Kujira ochite iyo-iyo takaki o age kana
The diving whale—
how its tail keeps going
Iyo-iyo here is a rendering of the Chinese po-po.
Huineng, the sixth Patriarch of Chinese zen used it in the 13th line of his Formless Gatha. Yung Hsi, one of his translators explaines it as “running hither and thither. It’s like waves that intermittently push those forward that are in front of them.”
Both Iyo-iyo and po-po have the Hybrid Sanskrit word ayavyaya as a source. Ayavyaya means coming-going.
The Lankavatara Sutra, one of 3 seminal zen-texts has in its 50th Chapter “I do not teach materialism, nor coming-and-going (ayavyaya)”. With these words the author critisizes the materialist Lokayata-trend of Indian philosophy.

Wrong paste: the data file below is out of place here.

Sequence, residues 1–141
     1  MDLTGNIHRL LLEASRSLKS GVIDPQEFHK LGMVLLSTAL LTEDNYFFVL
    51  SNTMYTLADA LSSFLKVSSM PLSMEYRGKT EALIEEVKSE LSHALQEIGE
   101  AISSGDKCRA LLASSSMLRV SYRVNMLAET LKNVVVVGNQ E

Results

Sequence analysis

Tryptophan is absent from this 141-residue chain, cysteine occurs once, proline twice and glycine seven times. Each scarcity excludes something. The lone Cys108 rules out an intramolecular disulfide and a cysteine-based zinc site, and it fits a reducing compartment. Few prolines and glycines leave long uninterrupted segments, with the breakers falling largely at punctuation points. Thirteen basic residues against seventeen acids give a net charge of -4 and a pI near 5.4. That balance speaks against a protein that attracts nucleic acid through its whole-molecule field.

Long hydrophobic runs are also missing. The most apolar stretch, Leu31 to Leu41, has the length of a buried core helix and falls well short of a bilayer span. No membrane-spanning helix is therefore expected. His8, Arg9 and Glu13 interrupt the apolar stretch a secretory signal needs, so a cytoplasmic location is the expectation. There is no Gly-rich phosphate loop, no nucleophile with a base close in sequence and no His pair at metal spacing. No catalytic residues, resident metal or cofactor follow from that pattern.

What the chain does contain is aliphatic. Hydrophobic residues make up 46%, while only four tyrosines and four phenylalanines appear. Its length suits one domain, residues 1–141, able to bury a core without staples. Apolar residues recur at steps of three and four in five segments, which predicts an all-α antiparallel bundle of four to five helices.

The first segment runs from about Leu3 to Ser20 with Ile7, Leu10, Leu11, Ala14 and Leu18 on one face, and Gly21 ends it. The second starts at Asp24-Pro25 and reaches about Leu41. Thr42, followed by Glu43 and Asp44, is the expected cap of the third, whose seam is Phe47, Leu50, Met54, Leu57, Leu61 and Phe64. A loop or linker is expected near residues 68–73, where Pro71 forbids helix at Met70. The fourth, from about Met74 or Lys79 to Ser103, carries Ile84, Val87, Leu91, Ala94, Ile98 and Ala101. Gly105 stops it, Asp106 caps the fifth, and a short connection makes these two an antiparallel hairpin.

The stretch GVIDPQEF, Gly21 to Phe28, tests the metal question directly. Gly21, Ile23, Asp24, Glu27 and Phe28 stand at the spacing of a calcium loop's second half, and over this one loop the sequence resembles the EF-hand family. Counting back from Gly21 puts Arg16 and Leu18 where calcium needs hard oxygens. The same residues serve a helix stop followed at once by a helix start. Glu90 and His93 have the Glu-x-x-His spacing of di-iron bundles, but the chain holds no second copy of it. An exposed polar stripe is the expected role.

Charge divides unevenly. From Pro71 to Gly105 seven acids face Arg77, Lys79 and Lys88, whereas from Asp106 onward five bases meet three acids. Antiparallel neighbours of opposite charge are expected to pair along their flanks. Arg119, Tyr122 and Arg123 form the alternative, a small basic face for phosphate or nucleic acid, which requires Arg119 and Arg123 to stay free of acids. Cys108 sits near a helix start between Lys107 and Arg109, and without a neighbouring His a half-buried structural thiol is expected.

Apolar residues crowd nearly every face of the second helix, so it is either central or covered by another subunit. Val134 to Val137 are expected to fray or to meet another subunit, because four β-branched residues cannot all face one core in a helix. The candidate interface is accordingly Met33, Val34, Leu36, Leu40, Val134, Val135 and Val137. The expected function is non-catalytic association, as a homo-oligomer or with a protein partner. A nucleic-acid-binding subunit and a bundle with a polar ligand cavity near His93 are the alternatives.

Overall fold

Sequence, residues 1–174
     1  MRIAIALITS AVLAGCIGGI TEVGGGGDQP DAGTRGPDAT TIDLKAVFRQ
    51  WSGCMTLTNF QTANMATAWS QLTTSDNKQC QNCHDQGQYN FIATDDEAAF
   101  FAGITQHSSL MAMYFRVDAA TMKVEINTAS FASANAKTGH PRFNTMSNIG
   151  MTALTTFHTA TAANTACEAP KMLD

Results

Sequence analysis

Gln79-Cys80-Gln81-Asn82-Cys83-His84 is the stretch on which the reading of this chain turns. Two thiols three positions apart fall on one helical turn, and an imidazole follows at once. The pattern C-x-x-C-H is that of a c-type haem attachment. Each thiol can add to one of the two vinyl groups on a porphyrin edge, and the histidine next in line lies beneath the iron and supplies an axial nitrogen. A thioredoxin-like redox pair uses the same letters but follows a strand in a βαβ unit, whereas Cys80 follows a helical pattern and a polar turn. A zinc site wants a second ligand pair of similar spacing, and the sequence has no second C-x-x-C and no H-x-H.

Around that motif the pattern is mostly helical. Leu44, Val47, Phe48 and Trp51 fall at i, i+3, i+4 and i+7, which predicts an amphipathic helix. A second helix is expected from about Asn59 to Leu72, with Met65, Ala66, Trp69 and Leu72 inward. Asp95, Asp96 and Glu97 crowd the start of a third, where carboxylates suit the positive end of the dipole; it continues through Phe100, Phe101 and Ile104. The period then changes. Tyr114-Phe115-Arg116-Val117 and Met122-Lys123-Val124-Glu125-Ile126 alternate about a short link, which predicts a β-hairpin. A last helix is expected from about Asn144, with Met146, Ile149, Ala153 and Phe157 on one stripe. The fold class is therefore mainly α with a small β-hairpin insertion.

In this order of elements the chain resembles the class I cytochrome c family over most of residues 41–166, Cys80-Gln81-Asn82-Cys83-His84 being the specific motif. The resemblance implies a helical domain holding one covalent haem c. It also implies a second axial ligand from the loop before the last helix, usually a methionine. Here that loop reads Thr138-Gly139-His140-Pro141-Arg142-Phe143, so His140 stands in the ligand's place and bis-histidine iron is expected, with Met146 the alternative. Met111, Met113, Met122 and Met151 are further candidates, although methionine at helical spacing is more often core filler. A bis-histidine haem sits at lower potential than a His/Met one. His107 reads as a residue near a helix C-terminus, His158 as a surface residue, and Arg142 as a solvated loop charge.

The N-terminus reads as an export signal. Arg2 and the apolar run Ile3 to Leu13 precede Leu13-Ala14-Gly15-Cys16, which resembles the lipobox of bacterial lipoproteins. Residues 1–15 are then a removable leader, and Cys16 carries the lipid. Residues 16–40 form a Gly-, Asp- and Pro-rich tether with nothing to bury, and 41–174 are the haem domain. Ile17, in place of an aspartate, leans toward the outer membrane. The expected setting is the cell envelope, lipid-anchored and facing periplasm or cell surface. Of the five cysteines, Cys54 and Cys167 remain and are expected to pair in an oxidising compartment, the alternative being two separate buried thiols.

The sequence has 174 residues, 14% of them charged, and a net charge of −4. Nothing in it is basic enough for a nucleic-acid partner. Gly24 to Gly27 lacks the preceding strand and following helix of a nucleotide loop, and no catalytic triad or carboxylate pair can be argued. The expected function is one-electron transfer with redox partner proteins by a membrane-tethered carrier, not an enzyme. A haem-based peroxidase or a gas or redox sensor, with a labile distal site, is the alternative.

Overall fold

The Sutra on the Unlimited Life of the Threefold Body (transl. Paul Swanson) also speaks of ayavyaya when it says that the Original Buddha neither comes nor goes.
Buson doesn’t come accross as a zen priest, but as a pupil of haiku masters who knew their zen sources and stock phrases he must have been aware of at least Huineng’s use of po po.